"He held the apple box against his chest. And then he leaned over and set the box in the stream and steadied it with his hand. He said fiercely, "Go down an' tell 'em. Go down in the street an' rot an' tell 'em that way....Maybe they'll know then." He guided the box gently out into the current and let it go" (493).
"I figgered, 'maybe it's all men an' all women we love; maybe that's the Holy Sperit- the human sperit-the whole shebang. Maybe all men got one big soul ever'body's a part of.' Now I sat there thinkin' it, an' all of a suddent- I knew it. I knew it so deep down that it was true, and I still know it..." (25).
"If you could separate causes from results, if you could know that Paine, Marx, Jefferson, Lenin, were results, not causes, you might survive" (166).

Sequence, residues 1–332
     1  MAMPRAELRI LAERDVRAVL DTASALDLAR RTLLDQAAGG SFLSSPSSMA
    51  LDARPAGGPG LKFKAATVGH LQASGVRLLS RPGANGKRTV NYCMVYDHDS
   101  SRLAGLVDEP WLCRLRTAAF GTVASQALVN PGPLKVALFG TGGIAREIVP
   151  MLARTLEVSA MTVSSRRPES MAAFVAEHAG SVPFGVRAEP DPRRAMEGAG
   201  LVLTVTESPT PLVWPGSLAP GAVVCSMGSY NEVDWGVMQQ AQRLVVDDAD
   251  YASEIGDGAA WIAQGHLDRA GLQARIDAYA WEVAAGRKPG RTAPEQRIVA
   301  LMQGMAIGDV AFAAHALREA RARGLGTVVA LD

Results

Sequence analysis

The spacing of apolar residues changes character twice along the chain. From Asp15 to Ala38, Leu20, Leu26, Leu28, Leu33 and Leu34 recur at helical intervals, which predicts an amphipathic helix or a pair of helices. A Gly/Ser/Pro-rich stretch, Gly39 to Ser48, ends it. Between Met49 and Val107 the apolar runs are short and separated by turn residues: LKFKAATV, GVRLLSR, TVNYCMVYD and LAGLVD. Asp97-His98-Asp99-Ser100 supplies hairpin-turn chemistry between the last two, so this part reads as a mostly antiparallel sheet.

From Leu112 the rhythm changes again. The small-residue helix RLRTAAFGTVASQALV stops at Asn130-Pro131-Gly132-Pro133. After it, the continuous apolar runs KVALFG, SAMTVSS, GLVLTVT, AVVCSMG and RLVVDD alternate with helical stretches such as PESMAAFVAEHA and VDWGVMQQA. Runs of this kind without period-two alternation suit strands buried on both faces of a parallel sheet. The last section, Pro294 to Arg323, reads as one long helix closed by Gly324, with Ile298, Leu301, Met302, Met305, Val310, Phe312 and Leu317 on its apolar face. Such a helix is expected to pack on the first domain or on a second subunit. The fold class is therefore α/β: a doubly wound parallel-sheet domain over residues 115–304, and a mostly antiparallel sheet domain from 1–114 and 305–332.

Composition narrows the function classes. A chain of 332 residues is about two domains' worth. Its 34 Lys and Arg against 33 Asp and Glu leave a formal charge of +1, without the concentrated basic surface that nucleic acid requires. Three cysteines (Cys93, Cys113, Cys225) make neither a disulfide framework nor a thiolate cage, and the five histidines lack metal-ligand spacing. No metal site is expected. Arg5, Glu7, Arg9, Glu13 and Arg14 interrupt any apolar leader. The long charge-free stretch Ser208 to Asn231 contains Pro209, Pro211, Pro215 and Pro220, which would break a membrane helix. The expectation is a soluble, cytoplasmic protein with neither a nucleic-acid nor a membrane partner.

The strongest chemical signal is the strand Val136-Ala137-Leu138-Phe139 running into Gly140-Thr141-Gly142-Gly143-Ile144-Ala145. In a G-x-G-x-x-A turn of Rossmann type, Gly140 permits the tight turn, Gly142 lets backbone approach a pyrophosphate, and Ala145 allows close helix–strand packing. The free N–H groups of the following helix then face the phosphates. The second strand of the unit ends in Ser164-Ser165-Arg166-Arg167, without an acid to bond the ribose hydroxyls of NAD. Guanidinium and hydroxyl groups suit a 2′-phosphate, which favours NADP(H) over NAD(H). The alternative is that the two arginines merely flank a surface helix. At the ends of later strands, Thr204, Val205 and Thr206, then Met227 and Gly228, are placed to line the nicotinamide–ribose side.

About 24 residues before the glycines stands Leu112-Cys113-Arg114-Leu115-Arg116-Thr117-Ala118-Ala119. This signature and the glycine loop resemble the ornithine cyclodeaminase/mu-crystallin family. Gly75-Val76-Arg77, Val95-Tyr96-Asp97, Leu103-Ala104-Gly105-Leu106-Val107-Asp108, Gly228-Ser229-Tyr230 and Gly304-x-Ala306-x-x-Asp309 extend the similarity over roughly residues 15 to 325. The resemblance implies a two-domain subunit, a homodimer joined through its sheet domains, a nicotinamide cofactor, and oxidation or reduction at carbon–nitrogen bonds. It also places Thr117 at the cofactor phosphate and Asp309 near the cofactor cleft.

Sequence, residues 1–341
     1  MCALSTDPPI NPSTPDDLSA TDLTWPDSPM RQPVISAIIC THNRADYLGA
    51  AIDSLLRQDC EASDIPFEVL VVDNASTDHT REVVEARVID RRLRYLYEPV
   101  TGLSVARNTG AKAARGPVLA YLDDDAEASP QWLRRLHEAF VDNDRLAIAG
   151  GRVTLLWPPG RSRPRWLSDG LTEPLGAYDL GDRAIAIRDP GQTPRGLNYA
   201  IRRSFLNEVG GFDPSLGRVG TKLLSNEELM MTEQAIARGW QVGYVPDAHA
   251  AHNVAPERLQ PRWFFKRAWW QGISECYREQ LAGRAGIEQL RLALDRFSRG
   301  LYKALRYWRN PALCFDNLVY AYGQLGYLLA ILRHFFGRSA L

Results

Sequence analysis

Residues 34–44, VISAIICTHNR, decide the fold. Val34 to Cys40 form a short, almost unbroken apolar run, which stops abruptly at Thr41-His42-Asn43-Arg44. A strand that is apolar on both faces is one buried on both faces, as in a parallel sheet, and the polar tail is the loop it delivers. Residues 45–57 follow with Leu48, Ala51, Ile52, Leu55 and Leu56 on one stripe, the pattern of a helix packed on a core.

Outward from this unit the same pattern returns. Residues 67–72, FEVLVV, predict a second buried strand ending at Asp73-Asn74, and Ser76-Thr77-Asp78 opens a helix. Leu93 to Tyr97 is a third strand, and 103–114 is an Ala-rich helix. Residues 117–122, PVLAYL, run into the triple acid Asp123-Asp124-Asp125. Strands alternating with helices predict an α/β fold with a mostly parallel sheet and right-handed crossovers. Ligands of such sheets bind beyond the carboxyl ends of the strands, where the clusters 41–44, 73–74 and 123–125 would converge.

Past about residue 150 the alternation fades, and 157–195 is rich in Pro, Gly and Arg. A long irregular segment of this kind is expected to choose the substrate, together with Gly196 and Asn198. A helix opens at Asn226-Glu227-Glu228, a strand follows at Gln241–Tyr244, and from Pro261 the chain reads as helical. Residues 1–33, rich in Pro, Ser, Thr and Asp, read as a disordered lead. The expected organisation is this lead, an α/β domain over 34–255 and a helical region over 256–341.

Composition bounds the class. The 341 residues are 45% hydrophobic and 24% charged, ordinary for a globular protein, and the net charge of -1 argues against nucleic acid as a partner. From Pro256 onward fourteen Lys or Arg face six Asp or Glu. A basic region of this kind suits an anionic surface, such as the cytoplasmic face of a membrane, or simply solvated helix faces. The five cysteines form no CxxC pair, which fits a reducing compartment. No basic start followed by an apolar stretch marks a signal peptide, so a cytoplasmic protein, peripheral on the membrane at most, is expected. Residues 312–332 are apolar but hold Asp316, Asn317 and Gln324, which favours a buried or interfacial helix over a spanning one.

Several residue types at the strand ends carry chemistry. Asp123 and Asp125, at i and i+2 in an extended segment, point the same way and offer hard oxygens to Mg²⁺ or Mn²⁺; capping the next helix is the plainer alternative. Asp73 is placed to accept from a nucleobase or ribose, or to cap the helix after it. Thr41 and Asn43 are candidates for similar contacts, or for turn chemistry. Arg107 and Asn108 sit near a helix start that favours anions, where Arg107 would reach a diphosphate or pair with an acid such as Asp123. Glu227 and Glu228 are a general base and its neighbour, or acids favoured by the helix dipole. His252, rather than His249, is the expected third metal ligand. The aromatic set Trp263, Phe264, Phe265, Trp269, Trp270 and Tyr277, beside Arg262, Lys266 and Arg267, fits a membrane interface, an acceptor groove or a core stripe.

Uncle John's motivated action alludes to the tale of the baby Moses. To save her baby from slavery, Moses' mother sets the infant adrift in a basket. Similarly, Uncle John feels he is 'freeing' the baby from the migrants' miserable condition.
Jim Casy, an ex-preacher, constantly shares his thoughts and philosophies about life. Throughout the novel, he indirectly alludes to Jesus Christ. Casy believes that men are holy, and later he, just like Jesus, is killed for opposing human cruelty and suffering.
The author explains that the ideas of Paine, Marx, Jefferson and Lenin were not causes of the American Revolution. Rather, they were results of the harsh living conditions. Steinbeck warns the farmers that the only way to survive the sudden changes is to understand the difference between the causes and results of their hopeless situation.
Evidence/ Quotations from the Text
"But then he says, 'It ain't so bad if you know.' He says, 'French Revolution-all them fellas that figgered her out got their heads chopped off. Always that way,' he says" (424).
"Ma said, 'This here's my...